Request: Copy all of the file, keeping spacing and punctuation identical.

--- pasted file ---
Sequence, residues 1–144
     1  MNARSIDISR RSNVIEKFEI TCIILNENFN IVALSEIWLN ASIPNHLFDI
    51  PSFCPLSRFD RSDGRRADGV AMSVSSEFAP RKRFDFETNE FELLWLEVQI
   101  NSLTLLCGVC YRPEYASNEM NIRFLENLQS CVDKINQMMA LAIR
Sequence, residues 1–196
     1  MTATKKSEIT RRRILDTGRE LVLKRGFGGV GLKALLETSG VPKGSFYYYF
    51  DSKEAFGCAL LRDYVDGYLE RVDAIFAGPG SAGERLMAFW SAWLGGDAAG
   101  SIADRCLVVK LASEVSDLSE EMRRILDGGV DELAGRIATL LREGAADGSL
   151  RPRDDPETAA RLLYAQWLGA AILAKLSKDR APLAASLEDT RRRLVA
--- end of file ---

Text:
Sequence, residues 1–144
     1  MNARSIDISR RSNVIEKFEI TCIILNENFN IVALSEIWLN ASIPNHLFDI
    51  PSFCPLSRFD RSDGRRADGV AMSVSSEFAP RKRFDFETNE FELLWLEVQI
   101  NSLTLLCGVC YRPEYASNEM NIRFLENLQS CVDKINQMMA LAIR
Sequence, residues 1–196
     1  MTATKKSEIT RRRILDTGRE LVLKRGFGGV GLKALLETSG VPKGSFYYYF
    51  DSKEAFGCAL LRDYVDGYLE RVDAIFAGPG SAGERLMAFW SAWLGGDAAG
   101  SIADRCLVVK LASEVSDLSE EMRRILDGGV DELAGRIATL LREGAADGSL
   151  RPRDDPETAA RLLYAQWLGA AILAKLSKDR APLAASLEDT RRRLVA